Liberties with facts ultimately, I believe, undermine the authority of a memoirist to present his/her life experience as a lived (vs. ficitonalized) version of the mythic journey. The lived hero’s tale must figure at the center of every memoir if the story is to rise above a chronology, a dirge or an encomium. In the nameless book, too many paragraphs like the one I cited in the blog entry erode confidence in the memoirist’s fidelity to what happened (the livedd experience) and create a sense of fictionalization–of choices to nurture the drama of the story (by making things up) over decisions to explore only what happened in view of arriving at an understanding/appreciation of the lived experience.

      If one accepts that fiction begins with feeling/insight (what we might call “theme”–“life is hard”) and ends up with plot line, characters and setting which will hold the writer’s insight for the reader, then one can grasp that fiction is based a priori on the author’s “take.” In a very real and different way, memoir begins with plot, characters and setting and proceeds to theme (“wow, that life as it was lived was hard”).

      The erosion of confidence in the writer’s assertion that she is writing memoir is generated by dozens and dozens of images such as “adjusts her hem before stepping into the waxy corridor.” The detail is too particular be included as a memory of what had been an ordinary day (It ceased to be ordinary only later.). Had the author written, “Anne remembers being in love with another teacher and she so would always adjust her hem before leaving the privacy of her classroom” then the memory is plausible because the tiny “hem” detail is connected to a big “love” emotion. Of course, she would remember that. Had the author written “After hearing our father had died, Anne desperately adjusted the hem of her skirt. She remembers wanting the day to return to an ordinary day” the memory is again plausible because the tiny “hem” detail is connected to a big “death” emotion. Without these big connections, the “hem” detail, for me, erodes the authority of the memorist.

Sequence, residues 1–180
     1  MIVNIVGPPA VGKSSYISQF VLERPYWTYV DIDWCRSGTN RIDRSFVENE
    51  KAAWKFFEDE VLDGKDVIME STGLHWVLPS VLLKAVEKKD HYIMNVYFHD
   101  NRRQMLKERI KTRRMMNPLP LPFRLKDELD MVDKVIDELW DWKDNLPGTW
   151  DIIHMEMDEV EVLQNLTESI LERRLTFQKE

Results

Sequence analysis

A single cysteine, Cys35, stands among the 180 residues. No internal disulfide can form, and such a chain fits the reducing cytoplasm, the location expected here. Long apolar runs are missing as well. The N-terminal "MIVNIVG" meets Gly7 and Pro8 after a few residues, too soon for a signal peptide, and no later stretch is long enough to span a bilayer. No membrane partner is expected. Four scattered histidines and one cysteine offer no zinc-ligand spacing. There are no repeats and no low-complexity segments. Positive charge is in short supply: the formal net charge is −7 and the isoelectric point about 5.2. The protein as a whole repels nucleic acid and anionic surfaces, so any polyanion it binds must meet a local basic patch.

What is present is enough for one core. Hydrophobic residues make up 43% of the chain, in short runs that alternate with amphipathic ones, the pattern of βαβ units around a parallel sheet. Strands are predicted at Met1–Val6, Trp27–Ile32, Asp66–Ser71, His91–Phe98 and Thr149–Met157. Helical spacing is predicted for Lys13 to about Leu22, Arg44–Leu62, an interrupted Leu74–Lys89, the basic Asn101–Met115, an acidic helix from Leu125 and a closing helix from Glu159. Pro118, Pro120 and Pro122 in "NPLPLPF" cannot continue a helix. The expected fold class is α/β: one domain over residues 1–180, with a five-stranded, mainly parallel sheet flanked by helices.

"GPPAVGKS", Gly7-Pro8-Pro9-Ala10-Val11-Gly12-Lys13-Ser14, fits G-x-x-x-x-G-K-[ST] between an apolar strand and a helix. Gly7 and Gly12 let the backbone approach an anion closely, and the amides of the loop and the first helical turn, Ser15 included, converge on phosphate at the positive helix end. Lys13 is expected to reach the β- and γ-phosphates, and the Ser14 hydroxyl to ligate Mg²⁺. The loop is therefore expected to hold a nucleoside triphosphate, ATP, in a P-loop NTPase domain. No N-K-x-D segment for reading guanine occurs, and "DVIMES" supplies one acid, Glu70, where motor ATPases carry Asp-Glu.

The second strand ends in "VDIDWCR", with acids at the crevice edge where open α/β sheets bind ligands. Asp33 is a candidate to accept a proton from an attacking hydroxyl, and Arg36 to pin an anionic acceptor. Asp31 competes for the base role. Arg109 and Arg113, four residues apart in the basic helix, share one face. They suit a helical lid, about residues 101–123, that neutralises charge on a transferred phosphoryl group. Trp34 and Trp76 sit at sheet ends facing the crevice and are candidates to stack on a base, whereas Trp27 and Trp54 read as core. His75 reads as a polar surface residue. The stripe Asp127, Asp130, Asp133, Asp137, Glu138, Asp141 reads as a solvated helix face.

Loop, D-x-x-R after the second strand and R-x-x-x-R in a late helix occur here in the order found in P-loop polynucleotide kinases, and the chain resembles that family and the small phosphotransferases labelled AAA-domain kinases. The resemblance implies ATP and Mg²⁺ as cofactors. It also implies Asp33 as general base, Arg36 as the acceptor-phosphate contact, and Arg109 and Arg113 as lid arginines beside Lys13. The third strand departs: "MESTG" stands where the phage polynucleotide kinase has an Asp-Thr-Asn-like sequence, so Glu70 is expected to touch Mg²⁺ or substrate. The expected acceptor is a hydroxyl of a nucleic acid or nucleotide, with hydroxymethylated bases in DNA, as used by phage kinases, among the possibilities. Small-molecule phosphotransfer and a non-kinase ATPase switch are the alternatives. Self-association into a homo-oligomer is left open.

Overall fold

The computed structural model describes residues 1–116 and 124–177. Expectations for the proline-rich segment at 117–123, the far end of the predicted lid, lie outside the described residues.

I believe this is an appropriate paragraph to cite as the erosion of authority is not due to one writing faux pas but to a multitude of fiction-based images, dialogues, settings, etc. that ne has a nagging feeling could have been chosen for drama rather than authenticity. Eventually, little by little, one senses that one is reading an autobiographical fiction.

      I welcome your participation in this blog, Linda. You and others like you make it come alive. We each have a threshold of what we are willing to accept.Thank you for sharing your comments.

      • Thanks Denis. I was pleased to read your elucidation of the problem. Obviously, when the author is continually using techniques for the creation of an impact on that event rather than for presenting the truth – even if it is ‘her truth’, it makes it less likely to get the reader to accept the total reality of what is written. I agree with you in that way. Extended dialogue is, as you say, quite unbelievable, unless it is an obvious transcription of a recorded conversation. I can’t remember what I said yesterday, let alone sixry years ago!
        But I do believe also that there are certain fiction-writing techniques that can enhance a memoir – when used appropriately and with discretion, and when they do not take away the ‘realness’ of the story.

  3. Sue Mitchell says:

    I found this post fascinating. So often, memoir writers are told to make their memoir read like a novel, but there is a very real pitfall associated with this–turning it into fiction. The distinctions you explained in your comment to Linda help elucidate what types of details are overstepping and how to reassure your reader about the unlikely details you do remember. Very helpful and thought-provoking.